Cats lack an enzyme system in the liver to metabolize most NSAIDs, and are extremely prone to toxicity from them. Aspirin, when used, must be used at low doses. Its usually given only every 72 hours even then, toxicity can still occur. Some cats do not tolerate aspirin, and large numbers of cats get no significant clinical benefit. Meloxicam was once touted as safe for cats. It was widely used until large numbers of adverse reactions were reported and the labeling was changed.
In short, NSAIDs arent especially practical for use in feline arthritis. However, there are some options.
Joint Supplements For Cats
*NOTE* DO NOT give human joint supplements to your cat, as they may contain ingredients harmful to your pet and may not actually contain the correct amount of each listed ingredient. Only use veterinary-formulated joint supplements for your pet.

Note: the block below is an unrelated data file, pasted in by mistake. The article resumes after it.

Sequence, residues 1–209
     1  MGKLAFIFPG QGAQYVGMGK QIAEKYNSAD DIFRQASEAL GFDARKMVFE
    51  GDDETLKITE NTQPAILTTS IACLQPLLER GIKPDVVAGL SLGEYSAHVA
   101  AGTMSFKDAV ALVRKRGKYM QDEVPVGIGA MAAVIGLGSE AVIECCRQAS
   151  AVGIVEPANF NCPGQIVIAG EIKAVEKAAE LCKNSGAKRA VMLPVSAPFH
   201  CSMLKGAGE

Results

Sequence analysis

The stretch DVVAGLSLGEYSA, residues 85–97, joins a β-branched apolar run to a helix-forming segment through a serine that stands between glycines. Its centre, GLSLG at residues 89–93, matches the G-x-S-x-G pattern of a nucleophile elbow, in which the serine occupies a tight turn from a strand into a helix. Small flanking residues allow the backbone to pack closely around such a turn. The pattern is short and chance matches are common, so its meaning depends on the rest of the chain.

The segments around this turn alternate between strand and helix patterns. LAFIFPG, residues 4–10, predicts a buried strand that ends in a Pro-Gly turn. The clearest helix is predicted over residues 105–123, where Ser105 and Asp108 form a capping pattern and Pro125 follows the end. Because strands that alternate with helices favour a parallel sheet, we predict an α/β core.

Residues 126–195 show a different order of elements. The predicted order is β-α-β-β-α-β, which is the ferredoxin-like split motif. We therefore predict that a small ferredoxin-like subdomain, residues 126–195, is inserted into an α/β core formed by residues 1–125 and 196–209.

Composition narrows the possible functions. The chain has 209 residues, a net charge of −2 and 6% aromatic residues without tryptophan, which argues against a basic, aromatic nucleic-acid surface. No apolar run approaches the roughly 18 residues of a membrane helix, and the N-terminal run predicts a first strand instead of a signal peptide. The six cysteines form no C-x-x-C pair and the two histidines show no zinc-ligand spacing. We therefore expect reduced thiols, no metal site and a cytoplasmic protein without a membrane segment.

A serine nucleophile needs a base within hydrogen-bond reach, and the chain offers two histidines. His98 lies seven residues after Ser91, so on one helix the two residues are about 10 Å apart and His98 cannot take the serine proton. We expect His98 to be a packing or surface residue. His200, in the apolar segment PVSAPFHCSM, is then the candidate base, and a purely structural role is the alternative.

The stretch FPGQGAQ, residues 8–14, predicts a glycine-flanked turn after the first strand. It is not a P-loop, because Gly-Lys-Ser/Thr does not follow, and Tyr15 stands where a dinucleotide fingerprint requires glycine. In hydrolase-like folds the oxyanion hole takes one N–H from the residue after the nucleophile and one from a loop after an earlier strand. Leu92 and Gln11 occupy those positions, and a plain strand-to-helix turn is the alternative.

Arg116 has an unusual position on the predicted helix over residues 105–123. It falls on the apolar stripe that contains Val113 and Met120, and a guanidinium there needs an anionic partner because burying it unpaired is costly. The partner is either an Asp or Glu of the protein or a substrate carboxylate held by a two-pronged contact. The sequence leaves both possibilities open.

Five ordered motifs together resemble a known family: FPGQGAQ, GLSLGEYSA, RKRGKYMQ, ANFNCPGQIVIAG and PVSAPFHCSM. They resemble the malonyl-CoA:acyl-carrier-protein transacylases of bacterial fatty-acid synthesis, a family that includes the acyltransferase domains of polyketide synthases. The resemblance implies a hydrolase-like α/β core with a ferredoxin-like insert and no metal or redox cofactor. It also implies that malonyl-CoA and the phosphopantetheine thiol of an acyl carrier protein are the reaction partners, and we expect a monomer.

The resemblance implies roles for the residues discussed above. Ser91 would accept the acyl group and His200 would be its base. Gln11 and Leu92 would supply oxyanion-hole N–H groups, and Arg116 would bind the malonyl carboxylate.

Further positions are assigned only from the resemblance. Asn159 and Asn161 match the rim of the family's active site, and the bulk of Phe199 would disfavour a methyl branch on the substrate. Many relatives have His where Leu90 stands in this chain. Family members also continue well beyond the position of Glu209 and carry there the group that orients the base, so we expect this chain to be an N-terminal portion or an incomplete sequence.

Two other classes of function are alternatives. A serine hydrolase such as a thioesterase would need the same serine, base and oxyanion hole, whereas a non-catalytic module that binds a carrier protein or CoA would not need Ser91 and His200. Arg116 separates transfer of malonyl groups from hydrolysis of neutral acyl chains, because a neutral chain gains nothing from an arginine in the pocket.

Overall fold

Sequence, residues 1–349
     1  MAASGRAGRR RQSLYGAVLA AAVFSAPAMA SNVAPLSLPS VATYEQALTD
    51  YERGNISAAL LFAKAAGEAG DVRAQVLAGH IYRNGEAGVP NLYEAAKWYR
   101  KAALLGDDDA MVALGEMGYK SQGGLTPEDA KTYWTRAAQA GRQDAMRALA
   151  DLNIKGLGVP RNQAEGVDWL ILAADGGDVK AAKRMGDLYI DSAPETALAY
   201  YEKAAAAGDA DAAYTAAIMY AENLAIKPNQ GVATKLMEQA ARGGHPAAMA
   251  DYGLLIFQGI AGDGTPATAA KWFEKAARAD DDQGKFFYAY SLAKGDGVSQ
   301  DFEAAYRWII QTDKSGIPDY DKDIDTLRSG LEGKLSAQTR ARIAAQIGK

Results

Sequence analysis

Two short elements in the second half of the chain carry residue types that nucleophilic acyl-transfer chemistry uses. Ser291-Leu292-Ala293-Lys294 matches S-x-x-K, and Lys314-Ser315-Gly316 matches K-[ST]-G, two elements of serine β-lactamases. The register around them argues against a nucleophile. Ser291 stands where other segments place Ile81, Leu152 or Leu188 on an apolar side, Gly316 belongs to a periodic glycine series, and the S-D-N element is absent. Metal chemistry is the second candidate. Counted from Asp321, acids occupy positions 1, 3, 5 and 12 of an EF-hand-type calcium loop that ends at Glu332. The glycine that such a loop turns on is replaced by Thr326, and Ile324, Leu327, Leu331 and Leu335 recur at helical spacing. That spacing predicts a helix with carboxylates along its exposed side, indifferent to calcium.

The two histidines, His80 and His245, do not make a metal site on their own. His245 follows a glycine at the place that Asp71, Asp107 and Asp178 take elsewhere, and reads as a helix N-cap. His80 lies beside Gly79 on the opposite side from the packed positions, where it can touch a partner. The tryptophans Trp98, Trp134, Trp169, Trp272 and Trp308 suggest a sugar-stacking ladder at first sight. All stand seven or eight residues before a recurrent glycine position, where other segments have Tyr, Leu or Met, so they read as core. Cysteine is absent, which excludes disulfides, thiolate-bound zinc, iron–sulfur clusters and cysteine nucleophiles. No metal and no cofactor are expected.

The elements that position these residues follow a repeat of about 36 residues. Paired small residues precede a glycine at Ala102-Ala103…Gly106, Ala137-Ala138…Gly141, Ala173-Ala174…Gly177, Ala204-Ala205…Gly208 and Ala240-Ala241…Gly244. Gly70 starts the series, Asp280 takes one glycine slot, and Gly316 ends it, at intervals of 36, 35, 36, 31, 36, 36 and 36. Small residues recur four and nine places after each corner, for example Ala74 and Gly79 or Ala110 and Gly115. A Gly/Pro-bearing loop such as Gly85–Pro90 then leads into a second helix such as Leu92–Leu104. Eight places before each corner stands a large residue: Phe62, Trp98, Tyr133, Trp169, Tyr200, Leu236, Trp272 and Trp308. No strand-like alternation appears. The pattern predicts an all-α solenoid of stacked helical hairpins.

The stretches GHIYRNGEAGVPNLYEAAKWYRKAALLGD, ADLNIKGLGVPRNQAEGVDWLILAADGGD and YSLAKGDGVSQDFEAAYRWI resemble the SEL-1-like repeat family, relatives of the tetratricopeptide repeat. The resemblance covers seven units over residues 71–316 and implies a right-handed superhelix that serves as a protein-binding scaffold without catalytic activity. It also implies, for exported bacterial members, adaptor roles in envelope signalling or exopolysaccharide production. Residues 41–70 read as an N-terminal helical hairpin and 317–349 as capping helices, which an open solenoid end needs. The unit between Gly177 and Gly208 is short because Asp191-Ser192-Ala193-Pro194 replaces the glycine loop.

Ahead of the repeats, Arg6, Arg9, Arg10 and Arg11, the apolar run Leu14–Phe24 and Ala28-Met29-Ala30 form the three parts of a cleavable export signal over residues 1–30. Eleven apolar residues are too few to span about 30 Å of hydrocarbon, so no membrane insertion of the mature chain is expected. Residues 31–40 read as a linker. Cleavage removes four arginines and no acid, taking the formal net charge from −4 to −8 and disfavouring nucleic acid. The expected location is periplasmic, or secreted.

Cosequin for Cats Soft Chews
PRO TIP: Choosing between chewable or powder supplements depends on your cat’s preferences. If your cat is picky but gobbles down their wet food, powder might be best. If they are used to taking treats and aren’t too finicky, the chews might be your best bet.
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What Is The Best Treatment For Arthritis In Cats
The best treatment for cat arthritis is one that uses a comprehensive approach to addressing your cats specific needs. This involves considering the cause of your cats arthritis, the age of your cat, your cats medical history, and more.